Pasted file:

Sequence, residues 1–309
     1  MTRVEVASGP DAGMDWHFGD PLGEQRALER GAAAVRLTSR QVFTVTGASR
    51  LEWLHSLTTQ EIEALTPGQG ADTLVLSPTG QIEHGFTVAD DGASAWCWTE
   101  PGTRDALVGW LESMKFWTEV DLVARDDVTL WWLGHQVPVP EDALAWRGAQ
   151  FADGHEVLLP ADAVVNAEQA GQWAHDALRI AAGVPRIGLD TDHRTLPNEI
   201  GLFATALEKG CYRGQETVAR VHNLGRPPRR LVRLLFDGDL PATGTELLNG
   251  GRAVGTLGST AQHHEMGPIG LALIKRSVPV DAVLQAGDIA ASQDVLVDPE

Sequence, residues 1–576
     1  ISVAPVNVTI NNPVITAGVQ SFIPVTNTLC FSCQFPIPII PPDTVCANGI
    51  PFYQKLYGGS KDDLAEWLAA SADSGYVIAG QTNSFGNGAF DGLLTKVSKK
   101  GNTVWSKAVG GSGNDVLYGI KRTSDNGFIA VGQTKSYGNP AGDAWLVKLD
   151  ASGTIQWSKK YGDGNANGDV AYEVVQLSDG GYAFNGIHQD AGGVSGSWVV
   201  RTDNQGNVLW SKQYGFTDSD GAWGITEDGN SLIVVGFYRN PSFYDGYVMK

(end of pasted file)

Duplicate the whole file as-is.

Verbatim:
Sequence, residues 1–309
     1  MTRVEVASGP DAGMDWHFGD PLGEQRALER GAAAVRLTSR QVFTVTGASR
    51  LEWLHSLTTQ EIEALTPGQG ADTLVLSPTG QIEHGFTVAD DGASAWCWTE
   101  PGTRDALVGW LESMKFWTEV DLVARDDVTL WWLGHQVPVP EDALAWRGAQ
   151  FADGHEVLLP ADAVVNAEQA GQWAHDALRI AAGVPRIGLD TDHRTLPNEI
   201  GLFATALEKG CYRGQETVAR VHNLGRPPRR LVRLLFDGDL PATGTELLNG
   251  GRAVGTLGST AQHHEMGPIG LALIKRSVPV DAVLQAGDIA ASQDVLVDPE

Sequence, residues 1–576
     1  ISVAPVNVTI NNPVITAGVQ SFIPVTNTLC FSCQFPIPII PPDTVCANGI
    51  PFYQKLYGGS KDDLAEWLAA SADSGYVIAG QTNSFGNGAF DGLLTKVSKK
   101  GNTVWSKAVG GSGNDVLYGI KRTSDNGFIA VGQTKSYGNP AGDAWLVKLD
   151  ASGTIQWSKK YGDGNANGDV AYEVVQLSDG GYAFNGIHQD AGGVSGSWVV
   201  RTDNQGNVLW SKQYGFTDSD GAWGITEDGN SLIVVGFYRN PSFYDGYVMK